4 Ergonomics Tips for Making Remote Work More Comfortable
The U.S. Department of Labor’s Occupational Safety and Health Administration (OSHA) agency, which oversees workplace ergonomics, defines the term simply as fitting a job to a person. OSHA has applied this science to reduce the likelihood and severity of contracting musculoskeletal disorders in the office, including carpal tunnel syndrome, tendinitis and rotator cuff injuries.
Yet most remote workspaces — including airplanes, hotel rooms and restaurants —have neither OSHA compliance rules nor outside reviews for ergonomics. Their tables and seats lack optimal support for laptops and even mobile devices. Thus, they can put potential strains on your muscles in your hands, arms and back while you have work away from your desk.
Fortunately, there are steps you can take to prevent and counteract situations that can threaten your health and safety so that you get the most done when you’re traveling from work. Here are some best practices to keep in mind.
- Assume proper form. To prevent discomfort while typing, especially in your forearms, you want your wrists to be flat. Therefore, adjust the height of your keyboard so that your shoulders are relaxed and elbows are bent to 90 degrees and resting at your sides. You can achieve this anywhere by adjusting the height of your keyboard or chair, and if you can’t do the latter, prop up yourself or your laptop with a pillow or sturdy setting underneath to keep a neutral position. For more specifics on best posture, OSHA has an “eTool” for creating an ergonomic computer workstation at any location.
- Make a PACT for products with mobile ergonomics. That’s PACT as in products featuring Portability, Adjustability, Compatibility and Trustworthiness. Accessories that are easy to transport, change, and easy to sync with and secure in connecting to other devices make it much more convenient to work away from the office than those lacking these aspects.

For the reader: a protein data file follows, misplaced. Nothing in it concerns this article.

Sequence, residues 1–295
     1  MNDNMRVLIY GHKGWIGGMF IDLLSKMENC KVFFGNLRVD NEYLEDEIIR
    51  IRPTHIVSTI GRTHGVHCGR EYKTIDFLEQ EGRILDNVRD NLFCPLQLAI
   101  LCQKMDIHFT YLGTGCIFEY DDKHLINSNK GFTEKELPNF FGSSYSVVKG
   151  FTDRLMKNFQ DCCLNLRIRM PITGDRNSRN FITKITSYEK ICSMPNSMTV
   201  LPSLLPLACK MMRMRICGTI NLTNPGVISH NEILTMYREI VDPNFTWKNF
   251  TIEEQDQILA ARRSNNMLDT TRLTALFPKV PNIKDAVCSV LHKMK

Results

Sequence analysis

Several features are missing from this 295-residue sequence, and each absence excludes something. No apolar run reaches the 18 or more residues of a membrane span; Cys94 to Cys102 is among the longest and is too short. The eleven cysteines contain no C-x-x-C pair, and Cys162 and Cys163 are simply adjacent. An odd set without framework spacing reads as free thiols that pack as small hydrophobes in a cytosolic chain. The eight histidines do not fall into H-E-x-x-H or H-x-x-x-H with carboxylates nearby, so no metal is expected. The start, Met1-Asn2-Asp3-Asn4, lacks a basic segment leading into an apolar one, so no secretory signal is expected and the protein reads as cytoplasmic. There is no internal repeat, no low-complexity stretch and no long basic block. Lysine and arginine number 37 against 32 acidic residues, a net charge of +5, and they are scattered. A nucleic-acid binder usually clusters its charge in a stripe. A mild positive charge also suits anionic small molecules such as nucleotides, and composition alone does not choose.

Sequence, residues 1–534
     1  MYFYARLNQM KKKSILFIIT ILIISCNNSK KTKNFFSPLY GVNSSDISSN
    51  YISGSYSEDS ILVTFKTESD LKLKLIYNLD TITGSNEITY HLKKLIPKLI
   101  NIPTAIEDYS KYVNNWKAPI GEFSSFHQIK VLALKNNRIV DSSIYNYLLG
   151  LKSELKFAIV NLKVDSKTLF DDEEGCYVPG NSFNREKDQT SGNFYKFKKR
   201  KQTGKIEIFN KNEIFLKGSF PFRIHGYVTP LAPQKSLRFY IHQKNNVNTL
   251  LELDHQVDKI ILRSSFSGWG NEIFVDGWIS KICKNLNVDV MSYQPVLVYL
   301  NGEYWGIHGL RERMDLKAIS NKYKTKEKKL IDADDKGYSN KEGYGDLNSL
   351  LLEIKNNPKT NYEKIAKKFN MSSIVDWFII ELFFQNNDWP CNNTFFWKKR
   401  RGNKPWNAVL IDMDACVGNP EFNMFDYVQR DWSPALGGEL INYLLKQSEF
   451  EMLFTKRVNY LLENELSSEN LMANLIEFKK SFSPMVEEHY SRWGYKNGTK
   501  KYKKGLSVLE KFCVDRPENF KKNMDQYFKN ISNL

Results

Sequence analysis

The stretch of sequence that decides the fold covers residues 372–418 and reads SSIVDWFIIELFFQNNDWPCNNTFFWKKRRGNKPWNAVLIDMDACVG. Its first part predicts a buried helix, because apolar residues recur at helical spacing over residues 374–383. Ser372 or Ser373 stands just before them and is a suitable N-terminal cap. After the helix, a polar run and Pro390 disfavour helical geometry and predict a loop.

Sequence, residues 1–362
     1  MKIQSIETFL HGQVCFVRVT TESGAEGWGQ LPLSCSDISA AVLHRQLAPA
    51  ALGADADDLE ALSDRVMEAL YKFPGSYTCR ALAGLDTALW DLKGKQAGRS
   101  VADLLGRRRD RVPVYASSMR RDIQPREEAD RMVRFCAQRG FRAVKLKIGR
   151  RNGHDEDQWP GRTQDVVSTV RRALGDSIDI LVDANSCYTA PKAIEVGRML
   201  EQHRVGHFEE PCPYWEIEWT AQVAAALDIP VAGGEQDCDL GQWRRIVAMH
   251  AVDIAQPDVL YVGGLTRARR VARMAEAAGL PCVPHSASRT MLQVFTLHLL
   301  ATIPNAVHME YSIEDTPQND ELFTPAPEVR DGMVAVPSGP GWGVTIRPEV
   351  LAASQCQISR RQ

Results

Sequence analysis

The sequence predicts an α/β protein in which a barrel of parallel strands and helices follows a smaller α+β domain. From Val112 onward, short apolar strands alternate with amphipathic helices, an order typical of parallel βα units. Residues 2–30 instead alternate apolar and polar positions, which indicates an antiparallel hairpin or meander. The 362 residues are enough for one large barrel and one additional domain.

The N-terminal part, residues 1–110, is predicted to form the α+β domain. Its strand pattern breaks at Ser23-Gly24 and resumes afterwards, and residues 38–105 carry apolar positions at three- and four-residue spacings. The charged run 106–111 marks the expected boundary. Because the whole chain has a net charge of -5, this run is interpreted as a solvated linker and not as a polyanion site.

- Get rest and get cozy. There are exercises to prevent and heal carpal tunnel and repetitive stress injuries, two prominent musculoskeletal disorders associated with poor ergonomics at work. Perform them frequently when you have some free time at or away from your computer. When at your workspace, check to see you have enough lighting and ventilation to be productive. Avoid sharp or hard edges that can hurt your wrists and hands. And keep your feet comfortable, but not too casual — no flip-flops!
- Design an ergonomically appropriate home office. If you work from home frequently, you want to have an adjustable swivel chair, a desk with enough space and height to accommodate your computer and accessories comfortably, and proper lighting to prevent eyestrain. This makeover can be done for less than $1,000, which may sound a little pricy to you, but not when you consider the long-term costs of stresses and injuries that can result with it.
Do you have any ergonomics tips of your own to share with us? Let us know in the comments below!